The FFA’s Anti-Doping Policy complies with the National Anti-Doping Scheme administered by the Australian Sports Anti-Doping Authority (ASADA).
Any player selected for doping control will be required to provide a sample. Players may be chosen by random selection or target testing. Testing can take place anywhere at any time including after competing, at training, at home and at any other suitable area or facility.
All players have a right to have a representative present at the doping control and ask for information about the sample collection process. Players must be careful about consuming any supplements which may fall foul of the WADA Prohibited List of banned substances.
Players that require medicine for illness, disease or injury must apply for a Therapeutic Use Exemption (TUE) to use the substance for accepted purposes such as a significant impairment on their health without the use of such medication. A common TUE exemption is for asthmatics requiring prescription medication for their condition.
Sanctions for Anti-Doping Rule Violations
The sanctions contained in the new regulations are more flexible and allow for cases to be decided on an individual basis. There are more discretionary powers which are welcomed as compared to the previous regulations, which saw former Socceroos star, Stan Lazaridis, unjustly banned for 12 months for a technical infringement that ASADA acknowledged had nothing to do with the enhancement of Stan’s sporting performance:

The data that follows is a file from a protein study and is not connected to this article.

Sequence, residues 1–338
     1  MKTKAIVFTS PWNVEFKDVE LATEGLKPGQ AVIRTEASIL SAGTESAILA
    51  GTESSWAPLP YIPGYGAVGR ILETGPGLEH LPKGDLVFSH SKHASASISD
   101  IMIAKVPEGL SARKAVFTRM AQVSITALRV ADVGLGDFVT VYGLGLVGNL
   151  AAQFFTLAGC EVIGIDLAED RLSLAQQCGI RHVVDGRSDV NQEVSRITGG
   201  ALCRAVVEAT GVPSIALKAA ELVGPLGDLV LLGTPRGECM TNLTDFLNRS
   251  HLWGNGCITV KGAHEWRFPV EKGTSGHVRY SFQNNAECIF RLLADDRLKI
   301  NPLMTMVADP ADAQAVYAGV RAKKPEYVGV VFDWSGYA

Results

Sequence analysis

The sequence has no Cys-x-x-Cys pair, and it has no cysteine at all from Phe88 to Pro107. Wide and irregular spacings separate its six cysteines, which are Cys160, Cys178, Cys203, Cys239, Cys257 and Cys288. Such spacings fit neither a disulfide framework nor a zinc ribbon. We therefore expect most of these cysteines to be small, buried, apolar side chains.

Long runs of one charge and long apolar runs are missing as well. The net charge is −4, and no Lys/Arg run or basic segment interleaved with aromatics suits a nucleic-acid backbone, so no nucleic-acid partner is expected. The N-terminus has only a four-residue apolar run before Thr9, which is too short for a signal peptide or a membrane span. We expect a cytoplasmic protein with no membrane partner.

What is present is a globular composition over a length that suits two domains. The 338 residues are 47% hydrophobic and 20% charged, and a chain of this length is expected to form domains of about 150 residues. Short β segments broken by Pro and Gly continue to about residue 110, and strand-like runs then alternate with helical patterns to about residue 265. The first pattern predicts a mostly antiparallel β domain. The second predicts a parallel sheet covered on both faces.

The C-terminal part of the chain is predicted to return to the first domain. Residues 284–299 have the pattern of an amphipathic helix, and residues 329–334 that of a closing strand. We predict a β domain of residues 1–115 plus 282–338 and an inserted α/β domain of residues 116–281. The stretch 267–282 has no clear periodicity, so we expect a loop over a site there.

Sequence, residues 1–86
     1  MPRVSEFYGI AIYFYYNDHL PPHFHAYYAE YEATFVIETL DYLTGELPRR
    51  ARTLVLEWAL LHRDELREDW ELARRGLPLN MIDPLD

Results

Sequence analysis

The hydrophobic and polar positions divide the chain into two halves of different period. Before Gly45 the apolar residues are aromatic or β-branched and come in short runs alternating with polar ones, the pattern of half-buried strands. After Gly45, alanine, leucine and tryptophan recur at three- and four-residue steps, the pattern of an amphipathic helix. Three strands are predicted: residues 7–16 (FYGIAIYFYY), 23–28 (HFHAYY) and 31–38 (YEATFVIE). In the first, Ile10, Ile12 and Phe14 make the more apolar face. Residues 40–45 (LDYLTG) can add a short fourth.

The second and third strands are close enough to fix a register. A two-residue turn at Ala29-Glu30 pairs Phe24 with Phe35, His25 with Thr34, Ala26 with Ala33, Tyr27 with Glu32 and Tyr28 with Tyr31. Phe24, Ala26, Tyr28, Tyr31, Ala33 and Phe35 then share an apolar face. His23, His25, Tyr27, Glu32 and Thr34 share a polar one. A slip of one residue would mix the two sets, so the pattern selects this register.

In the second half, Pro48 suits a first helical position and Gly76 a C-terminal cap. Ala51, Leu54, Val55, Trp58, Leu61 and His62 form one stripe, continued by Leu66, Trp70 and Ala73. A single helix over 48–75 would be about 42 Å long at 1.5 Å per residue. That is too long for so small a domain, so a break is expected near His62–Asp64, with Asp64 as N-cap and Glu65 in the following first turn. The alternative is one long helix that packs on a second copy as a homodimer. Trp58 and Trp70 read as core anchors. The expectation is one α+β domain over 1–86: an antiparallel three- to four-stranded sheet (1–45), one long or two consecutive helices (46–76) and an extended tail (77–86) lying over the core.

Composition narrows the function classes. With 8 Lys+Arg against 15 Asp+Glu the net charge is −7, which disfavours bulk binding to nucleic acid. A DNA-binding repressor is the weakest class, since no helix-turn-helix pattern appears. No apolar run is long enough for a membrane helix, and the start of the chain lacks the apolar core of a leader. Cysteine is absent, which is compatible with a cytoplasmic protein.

In all cases of positive tests in international competition, the FIFA Disciplinary Committee shall be the judicial body responsible for hearing the matter and meting out sanctions, if any. Decisions of this Committee may be appealed to the FIFA Appeals Committee. Subject to the satisfaction of certain requirements, recourse against decisions made by these judicial bodies of FIFA shall be lodged with the Court of Arbitration for Sport.
These sanctions are applied in similar fashion by the FFA under its Anti-Doping Policy where a domestic breach occurs.
World Anti-Doping Code 2009 – Implication for Players in International Competitions
The revised World Anti-Doping Agency (WADA) Code came into effect on 1 January 2009 and FIFA has adopted this Code in the updated FIFA Anti-Doping Regulations. The FFA’s Anti-Doping Policy (2009) is also WADA and FIFA compliant. The Australian Sports Anti-Doping Authority (ASADA) is responsible for the implementation of WADA’s requirements within Australia.
FIFA conducts doping control on players both in and out of competition. 30,000 tests are conducted annually, with the number of positive tests approximately 90 per calendar year, which is an incidence rate of just 0.03%.
Almost all the positive tests are for recreational or social drugs such as marijuana and not for performance enhancing substances such as EPO or anabolic steroids. Therefore, it is clear that professional football does not face a threat from doping, as it is only a marginal problem.
This rule requires clubs and selected players to provide and update information on their whereabouts, three months in advance for out-of competition testing to ensure they can be located for testing.